There is a congruity in the thing itself, and God hath so ordered it, that vexation and anguish should still attend sin, and the ways of holiness be ways of peace. Say men what they will, great falls leave wounds and smart behind them, and they must be washed with sharper liquor before balm and oil be poured into them. And not only will more notorious breaches disturb thy peace, but a tract of careless and fruitless walking. If thou abate of thy attendance on God, and thy fear cool towards him, lagging and falling downwards to something you are caring for and taken with, you will find an estrangement; it may be insensible at first and for a while, because of thy sloth, and because thou dost not observe diligently how it is with thee; but, after a time, it will be more easily known, but more hardly mended. And there are none of us but might find much more of God in this our way homewards, if the foolishness and wanderings of our hearts did not prevent us.

Be persuaded, then, you whose hearts he hath wrought for himself, to attend better on him, and the advantage shall be yours; doubt it not. And though for a time you find it not, yet wait on, and go on in that way; it shall not disappoint you. The more you let go of the false vain comforts of the world for his sake, the more richly you shall be furnished with his. O we make not room for them! that is the great hindrance. Consider him, behold his works, bless him, confess hini always. worthy of praise for his goodness, and his wonderful works to the children of men, however he deal with thee in particular; and assuredly he shall deal graciously with thee, and ere long thou shalt find it, and be forced to acknowledge it. Though, it may be, thou want these bright shinings of comforts thou wouldst have, yet, looking to him and walking before him, observing these things, thou shalt have of his light to lead thee on, and a calm within ; sweet peace, though not that height of joy thou desirest.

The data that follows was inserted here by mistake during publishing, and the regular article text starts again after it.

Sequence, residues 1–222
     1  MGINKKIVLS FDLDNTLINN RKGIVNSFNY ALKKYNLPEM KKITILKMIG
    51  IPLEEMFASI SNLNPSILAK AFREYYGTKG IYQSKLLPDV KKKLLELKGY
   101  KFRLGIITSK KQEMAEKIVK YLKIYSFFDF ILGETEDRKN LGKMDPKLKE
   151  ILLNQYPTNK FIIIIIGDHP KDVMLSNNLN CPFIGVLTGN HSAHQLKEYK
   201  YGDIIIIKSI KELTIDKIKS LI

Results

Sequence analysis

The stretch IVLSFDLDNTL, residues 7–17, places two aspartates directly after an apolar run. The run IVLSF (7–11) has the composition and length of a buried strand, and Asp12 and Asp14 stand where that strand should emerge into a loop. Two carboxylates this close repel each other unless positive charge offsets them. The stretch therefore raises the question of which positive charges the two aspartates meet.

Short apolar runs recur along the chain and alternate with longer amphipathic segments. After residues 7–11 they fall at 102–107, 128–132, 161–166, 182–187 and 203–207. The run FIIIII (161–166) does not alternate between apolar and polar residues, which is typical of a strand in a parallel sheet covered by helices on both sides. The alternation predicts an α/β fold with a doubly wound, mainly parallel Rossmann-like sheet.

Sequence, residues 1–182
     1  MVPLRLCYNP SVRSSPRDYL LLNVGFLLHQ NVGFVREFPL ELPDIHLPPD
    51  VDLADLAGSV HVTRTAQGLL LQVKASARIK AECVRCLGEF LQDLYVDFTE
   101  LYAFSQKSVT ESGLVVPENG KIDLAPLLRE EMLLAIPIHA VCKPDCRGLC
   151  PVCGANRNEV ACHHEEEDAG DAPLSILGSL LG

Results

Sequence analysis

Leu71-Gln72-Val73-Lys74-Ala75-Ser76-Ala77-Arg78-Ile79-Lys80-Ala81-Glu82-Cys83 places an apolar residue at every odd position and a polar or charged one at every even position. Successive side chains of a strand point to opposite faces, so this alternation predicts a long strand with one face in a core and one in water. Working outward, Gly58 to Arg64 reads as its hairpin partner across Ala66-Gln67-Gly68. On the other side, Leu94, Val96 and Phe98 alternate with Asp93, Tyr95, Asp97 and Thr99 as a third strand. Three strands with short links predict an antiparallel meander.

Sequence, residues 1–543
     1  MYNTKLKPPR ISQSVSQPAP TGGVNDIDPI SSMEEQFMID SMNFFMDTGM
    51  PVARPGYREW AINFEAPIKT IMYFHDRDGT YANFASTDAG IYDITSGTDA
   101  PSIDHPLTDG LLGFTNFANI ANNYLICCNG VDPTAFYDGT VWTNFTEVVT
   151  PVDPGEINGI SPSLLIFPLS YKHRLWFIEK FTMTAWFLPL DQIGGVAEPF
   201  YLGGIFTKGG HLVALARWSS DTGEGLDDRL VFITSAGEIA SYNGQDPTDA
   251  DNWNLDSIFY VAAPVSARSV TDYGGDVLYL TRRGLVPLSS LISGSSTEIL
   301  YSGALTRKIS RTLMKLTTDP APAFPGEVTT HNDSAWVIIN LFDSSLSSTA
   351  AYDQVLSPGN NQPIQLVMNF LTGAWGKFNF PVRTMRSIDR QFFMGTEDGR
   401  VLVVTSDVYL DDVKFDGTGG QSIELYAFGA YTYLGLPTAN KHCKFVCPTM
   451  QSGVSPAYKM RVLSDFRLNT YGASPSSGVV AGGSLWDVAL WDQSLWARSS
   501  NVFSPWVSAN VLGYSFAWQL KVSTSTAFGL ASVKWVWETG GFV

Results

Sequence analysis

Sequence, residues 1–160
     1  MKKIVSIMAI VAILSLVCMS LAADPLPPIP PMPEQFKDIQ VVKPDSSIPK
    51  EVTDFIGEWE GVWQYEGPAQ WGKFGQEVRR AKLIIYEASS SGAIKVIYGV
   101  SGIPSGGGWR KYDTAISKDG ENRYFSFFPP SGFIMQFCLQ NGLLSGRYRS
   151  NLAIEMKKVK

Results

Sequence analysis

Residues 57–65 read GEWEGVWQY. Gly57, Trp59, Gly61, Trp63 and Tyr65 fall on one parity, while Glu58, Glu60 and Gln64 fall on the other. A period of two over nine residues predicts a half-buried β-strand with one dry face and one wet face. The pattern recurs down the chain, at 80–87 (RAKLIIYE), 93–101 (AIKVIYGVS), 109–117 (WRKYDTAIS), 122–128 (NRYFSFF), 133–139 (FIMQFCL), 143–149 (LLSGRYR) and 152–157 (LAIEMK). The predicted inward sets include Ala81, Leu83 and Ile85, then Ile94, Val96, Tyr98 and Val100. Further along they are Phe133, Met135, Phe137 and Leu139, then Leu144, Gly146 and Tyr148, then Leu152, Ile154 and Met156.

There are often calm fair days without storm, though it be not clear sun-sbine; and in such days a man may travel comfortably. I would have Christians called off from a perplexed over-pressing of this point of their particular assurance. If we were more studious to please him, forgetting ourselves, we should find him remember us the more; yet we should not do so for this neither, but simply for himself. In a word, this is thy wisdommind thy duty, and refer to him thy comfort.

SERMON XXI.

Imperfection, and Perfection.

PSAL. cxix, 96. I have seen an end of all perfection ; but thy com

mandment is exceeding broad. Grace is a divine light in the soul, and shows the true colors of things. The apostle overshoots not when he says, The spiritual man judgeth all things. He hath undeniably the advantage. He may judge of natural things, but the natural man cannot judge of spiritual things.

Yea, the truest judgment of natural things, in respect to our chiefest end, springs particularly from spiritual wisdom : that makes the true parallel of thiugs, and gives a just account of their differences, as bere; I have seen an end of all perfection ; but thy commandment is exceeding broad.

All that have any measure of spiritual light, are of this mind; but certainly, they that are more eminently blessed with it, have a more high and clearer view of both parts. David, who is generally and with great likelihood supposed to be the author of this psalm, was singularly advantaged to make this judgment of things. He had, no doubt, a large measure of the knowledge of God and of his law, which here be declares to be so large; and being both a wise and a great man, might know more than most others, even of all other perfections ; might trace them 10 their utmost, and see their end, as he expresses it. This same verdict we have from his son Solomon, after much experience in all things; who, baving the advantage of peace and riches, did particularly set himself to this work, to a most exact inquiry after all things of this earth. He set nature on the rack, to confess its utmost strength for the delighting and satisfying of man; with much pains and art he extracted the very spirit of all, and after all, he gives the same judgment we have liere; his book writ on that subject, being a paraphrase on this sentence, dilating the sense and confirming the truth of it. It carries its own sum in those two words which begin and end it; the one, Vanity of vanities, all is vanity, and tbe other, Fear God, and keep his commandments, for that is the whole duty of man. And these here are just the equivalent of those two; the former of that beginning word, I have seen an end of all perfection ; and the latter of that concluding one, But thy commandment is exceeding broad.

When mean meu speak of this world's greatness, and poor men cry down riches, it passes but for a querulous peevish humor to discredit things they cannot reach, or else an ignorant contempt of things i bey do not understand; or, taking it a little further, but a self-pleasing shift, a willingly undervaluing of those things on purpose to allay the displeasure of the want of them; or, at the best, if something of truth and goodness be in the opinion, yet that the assent of such persons is, like the temperance of sickly bodies, rather a virtue made of necessily, than embraced